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Jews and the Civil WarA Reader$
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Jonathan D. Sarna and Adam D. Mendelsohn

Print publication date: 2010

Print ISBN-13: 9780814740910

Published to NYU Press Scholarship Online: March 2016

DOI: 10.18574/nyu/9780814740910.001.0001

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Introduction

Introduction

Before Korn: A Century of Jewish Historical Writing about the American Civil War

Chapter:
(p.1) Introduction
Source:
Jews and the Civil War
Author(s):

Adam Mendelsohn

Publisher:
NYU Press
DOI:10.18574/nyu/9780814740910.003.0001

This introduction traces the origin and evolution of the earlier literature on Jews and the Civil War and considers the possible reasons why a number of factually incorrect but attractive ideas about Jewish involvement in the conflict have endured. The historical literature on the American Jewish experience of the Civil War can be divided into two eras: the period from the 1880s until 1950, when the field was dominated by amateur historians, and the period from 1951, when Bertram Korn published American Jewry and the Civil War. In this introduction, the focus is on the period before American Jewish history became an academic field and on how amateur historians developed a consensual understanding of the meaning and importance of the Civil War for Jews. These Jewish historical writings include Isaac Markens's The Hebrews in America (1888) and Simon Wolf's The American Jew as Patriot, Soldier and Citizen (1895).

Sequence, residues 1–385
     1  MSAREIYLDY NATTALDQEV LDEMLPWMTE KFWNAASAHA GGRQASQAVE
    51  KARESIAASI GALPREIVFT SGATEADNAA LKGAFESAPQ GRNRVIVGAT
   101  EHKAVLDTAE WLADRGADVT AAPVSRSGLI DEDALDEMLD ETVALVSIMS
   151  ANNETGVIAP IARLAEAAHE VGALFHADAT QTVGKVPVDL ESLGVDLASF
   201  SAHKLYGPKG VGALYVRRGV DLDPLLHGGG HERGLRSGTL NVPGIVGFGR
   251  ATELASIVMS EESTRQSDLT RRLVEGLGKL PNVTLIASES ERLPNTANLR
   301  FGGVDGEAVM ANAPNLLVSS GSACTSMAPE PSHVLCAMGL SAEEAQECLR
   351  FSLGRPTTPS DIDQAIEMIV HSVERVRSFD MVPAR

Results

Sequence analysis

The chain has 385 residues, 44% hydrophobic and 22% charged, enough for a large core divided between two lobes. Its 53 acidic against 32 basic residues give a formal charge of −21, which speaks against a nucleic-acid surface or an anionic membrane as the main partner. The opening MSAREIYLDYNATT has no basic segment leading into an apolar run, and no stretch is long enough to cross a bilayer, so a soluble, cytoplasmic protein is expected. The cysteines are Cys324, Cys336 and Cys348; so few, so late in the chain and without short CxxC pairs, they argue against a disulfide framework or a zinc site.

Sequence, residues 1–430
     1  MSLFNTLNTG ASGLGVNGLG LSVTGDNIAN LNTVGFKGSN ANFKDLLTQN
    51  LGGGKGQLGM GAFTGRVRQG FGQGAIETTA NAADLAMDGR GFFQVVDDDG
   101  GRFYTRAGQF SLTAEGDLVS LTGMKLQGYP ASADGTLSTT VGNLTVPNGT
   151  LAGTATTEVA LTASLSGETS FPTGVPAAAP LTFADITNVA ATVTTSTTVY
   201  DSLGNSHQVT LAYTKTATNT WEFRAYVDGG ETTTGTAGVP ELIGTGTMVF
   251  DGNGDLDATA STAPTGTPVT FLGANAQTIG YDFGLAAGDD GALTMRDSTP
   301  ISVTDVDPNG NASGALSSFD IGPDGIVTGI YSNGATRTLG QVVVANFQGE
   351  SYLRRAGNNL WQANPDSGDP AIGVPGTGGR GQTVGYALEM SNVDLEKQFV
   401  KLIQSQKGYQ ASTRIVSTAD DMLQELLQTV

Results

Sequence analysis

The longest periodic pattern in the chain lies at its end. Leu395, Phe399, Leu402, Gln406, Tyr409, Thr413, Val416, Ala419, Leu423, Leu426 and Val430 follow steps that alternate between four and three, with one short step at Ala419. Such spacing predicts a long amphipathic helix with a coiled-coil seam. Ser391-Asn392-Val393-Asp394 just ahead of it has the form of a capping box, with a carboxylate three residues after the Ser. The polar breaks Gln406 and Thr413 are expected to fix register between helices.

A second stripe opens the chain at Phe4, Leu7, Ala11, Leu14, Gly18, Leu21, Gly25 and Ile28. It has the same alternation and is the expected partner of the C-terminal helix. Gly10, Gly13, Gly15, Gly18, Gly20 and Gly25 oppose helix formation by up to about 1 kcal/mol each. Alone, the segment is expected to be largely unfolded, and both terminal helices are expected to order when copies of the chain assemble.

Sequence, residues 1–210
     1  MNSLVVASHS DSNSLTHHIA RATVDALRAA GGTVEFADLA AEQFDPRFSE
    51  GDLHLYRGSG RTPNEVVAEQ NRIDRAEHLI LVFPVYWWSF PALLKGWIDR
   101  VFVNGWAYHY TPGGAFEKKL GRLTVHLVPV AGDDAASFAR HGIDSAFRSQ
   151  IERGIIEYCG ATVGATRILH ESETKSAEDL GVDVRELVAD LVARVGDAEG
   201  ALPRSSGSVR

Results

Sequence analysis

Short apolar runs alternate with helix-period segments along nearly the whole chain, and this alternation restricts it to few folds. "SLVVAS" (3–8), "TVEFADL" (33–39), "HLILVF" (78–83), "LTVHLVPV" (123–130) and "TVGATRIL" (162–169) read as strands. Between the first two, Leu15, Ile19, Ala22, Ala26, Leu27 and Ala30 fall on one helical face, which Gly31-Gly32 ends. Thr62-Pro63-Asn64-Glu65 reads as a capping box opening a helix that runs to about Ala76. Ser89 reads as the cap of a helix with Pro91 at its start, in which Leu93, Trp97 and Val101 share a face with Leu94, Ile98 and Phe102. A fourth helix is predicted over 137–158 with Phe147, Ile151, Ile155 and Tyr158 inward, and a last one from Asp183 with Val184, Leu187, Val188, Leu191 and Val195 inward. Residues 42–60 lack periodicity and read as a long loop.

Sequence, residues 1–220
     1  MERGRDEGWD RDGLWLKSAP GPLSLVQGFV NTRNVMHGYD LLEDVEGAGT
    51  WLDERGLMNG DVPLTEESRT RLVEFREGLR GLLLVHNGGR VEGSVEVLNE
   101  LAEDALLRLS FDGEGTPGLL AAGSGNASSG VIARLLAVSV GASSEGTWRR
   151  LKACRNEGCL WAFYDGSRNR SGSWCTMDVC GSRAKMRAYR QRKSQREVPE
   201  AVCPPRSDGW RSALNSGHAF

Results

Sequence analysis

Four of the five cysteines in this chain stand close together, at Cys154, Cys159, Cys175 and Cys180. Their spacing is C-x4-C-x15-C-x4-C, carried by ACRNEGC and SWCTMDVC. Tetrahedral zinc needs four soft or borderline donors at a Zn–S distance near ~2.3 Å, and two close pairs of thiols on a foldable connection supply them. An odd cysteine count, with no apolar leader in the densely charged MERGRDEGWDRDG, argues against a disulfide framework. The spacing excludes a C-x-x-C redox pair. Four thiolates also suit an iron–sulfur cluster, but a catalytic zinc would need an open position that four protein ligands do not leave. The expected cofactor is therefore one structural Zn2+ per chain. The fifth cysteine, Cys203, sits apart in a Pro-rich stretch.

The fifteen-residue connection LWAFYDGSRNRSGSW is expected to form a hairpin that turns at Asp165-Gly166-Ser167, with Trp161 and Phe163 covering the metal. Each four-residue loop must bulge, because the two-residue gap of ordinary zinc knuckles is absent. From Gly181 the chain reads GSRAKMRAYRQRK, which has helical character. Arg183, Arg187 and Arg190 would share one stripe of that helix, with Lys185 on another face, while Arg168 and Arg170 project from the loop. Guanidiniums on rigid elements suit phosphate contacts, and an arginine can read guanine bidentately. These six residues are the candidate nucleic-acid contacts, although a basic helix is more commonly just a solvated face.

Keywords:   amateur historians, Jews, Civil War, Bertram Korn, American Jewry and the Civil War, American Jewish history, Isaac Markens, The Hebrews in America, Simon Wolf, historical literature

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